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You May Be Predisposed to Developing NIHL

05/01/2015

“Nothing can compare to protecting the hearing you have and preventing hearing loss in the first place.”

This quote from Rick Friedman, professor of otolaryngology and neurosurgery at Keck School of Medicine of USC appears along with the results of a new genome-wide association study on noise-induced hearing loss (NIHL) he authored recently. The study uncovered evidence that some people may be more likely to develop NIHL than others due to a genetic predisposition to the condition. More specifically, Friedman and his team found that the Nox3 gene, which resides primarily in the inner ear, is very likely a marker indicating someone is at greater risk of losing their hearing due to exposure to loud noises (typically defined as 85 decibels or louder).

Why finding a genetic link is important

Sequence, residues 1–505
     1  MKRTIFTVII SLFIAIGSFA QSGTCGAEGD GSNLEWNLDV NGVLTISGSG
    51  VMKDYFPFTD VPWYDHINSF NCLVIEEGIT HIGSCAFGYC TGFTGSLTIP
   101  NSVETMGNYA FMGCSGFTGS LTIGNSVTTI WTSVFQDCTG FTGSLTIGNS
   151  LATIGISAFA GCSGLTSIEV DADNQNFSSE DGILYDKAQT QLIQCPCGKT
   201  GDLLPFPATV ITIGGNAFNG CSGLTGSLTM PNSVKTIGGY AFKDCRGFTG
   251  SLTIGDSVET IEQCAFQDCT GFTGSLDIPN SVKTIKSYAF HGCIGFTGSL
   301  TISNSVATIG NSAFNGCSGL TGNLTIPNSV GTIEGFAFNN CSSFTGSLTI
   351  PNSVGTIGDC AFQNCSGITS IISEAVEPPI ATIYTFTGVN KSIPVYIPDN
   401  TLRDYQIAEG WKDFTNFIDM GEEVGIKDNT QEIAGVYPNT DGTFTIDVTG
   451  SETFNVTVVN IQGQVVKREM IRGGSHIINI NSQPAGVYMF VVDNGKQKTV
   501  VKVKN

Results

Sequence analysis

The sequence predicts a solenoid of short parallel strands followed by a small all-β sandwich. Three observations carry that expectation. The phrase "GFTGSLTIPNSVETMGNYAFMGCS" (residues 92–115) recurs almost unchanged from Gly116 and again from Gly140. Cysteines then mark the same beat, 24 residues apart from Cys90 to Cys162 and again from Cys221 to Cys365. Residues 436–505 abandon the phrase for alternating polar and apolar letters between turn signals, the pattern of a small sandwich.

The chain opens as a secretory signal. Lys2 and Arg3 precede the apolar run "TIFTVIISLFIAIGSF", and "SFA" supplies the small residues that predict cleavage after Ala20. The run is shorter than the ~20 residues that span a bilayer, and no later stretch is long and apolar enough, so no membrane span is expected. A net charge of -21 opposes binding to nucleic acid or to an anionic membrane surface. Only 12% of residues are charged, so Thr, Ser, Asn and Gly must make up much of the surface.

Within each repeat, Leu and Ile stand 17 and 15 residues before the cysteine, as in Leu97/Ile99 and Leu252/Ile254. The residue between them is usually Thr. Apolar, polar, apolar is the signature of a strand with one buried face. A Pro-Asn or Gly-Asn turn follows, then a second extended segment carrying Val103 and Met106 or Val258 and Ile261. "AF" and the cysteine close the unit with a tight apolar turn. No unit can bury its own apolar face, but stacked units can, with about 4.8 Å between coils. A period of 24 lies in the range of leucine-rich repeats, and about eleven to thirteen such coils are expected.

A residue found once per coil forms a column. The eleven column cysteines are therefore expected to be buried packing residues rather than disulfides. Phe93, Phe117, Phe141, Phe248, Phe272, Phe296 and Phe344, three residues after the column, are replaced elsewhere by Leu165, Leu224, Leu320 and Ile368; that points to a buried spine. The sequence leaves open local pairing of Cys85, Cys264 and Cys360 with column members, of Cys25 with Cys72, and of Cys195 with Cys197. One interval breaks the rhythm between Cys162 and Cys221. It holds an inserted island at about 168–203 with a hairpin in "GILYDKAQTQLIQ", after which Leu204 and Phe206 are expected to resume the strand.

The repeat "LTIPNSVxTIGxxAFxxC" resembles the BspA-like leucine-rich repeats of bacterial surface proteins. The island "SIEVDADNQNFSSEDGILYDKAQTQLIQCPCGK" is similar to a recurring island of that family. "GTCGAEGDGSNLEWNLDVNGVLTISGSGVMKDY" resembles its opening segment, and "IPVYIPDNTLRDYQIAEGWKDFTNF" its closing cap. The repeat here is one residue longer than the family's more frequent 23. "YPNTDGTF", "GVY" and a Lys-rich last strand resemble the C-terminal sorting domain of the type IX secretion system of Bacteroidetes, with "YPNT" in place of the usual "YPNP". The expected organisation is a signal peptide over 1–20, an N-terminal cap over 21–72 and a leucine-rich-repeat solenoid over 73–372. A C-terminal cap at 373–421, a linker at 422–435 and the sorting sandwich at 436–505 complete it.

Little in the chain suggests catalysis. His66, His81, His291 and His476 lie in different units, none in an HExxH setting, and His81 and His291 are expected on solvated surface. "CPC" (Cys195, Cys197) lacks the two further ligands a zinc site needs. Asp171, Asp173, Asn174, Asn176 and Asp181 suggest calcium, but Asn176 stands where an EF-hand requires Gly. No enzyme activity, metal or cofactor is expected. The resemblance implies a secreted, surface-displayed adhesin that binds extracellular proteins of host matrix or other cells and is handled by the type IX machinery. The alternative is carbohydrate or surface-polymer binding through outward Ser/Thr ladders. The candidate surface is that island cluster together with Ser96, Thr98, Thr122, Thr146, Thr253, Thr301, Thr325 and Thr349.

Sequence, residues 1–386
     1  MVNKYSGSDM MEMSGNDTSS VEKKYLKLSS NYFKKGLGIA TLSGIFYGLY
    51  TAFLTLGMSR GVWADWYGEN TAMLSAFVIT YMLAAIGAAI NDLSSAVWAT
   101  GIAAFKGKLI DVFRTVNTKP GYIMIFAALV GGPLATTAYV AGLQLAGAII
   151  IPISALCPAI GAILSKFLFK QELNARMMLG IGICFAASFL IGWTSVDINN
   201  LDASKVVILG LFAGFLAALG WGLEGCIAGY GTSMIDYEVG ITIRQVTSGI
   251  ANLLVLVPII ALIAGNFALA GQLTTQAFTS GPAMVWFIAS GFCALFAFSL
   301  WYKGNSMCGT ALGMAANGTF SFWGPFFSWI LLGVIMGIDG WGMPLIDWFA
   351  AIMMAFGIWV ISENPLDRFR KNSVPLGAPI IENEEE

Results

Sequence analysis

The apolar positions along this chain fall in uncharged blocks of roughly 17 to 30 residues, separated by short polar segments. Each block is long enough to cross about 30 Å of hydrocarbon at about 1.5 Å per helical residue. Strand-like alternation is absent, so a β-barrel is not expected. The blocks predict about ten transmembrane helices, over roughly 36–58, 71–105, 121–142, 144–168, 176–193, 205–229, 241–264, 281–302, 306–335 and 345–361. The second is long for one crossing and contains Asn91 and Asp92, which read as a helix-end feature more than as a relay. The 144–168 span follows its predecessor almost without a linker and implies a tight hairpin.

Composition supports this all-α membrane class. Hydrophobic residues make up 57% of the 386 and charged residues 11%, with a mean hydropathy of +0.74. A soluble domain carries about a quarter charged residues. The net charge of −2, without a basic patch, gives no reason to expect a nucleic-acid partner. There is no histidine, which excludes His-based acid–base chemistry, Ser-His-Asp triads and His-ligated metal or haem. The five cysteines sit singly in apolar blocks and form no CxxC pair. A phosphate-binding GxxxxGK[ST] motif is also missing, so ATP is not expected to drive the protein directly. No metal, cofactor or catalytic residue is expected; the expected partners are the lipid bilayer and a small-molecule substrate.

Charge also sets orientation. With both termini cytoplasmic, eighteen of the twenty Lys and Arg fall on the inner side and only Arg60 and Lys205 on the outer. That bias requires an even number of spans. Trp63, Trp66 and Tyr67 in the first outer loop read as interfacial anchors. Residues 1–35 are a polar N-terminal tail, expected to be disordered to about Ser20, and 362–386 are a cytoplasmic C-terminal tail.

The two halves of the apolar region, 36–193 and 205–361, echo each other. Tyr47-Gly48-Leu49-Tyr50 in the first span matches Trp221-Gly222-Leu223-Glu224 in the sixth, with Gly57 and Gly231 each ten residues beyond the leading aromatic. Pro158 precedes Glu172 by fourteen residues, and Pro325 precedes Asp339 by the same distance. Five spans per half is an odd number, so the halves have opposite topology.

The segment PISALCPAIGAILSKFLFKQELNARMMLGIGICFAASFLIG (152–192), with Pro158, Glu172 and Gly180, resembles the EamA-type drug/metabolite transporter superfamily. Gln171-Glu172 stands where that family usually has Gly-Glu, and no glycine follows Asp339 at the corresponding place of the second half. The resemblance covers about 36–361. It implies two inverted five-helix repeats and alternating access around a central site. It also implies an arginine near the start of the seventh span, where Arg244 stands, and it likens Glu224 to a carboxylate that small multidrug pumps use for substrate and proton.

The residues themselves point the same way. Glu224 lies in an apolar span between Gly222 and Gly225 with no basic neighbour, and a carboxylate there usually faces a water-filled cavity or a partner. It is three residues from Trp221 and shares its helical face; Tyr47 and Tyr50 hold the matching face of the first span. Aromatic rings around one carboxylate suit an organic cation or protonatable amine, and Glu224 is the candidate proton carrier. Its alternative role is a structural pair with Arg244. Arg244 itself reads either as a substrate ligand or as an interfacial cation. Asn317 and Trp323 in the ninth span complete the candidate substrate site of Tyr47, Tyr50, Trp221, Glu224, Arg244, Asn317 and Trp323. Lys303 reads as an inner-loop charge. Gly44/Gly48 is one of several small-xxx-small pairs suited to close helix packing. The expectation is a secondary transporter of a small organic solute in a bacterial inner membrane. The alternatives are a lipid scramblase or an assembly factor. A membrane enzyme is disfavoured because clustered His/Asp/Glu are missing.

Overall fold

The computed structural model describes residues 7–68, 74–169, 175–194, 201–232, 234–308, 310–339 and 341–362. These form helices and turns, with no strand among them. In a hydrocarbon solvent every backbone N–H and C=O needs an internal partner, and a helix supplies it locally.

While further study is needed before official recommendations can be made, knowing that some of us are more susceptible to NIHL due to biology is an important step forward in the understanding and prevention of hearing loss. Once enough research has been amassed to form definitive conclusions, and testing recommendations made, guidelines for better protecting those found to be at risk will likely follow.

Protecting your hearing from noise exposure is a good idea for everyone, regardless of biological predisposition. Here are a few tried-and-true suggestions for avoiding NIHL in common situations:

Concerts

Workplace

Everyday

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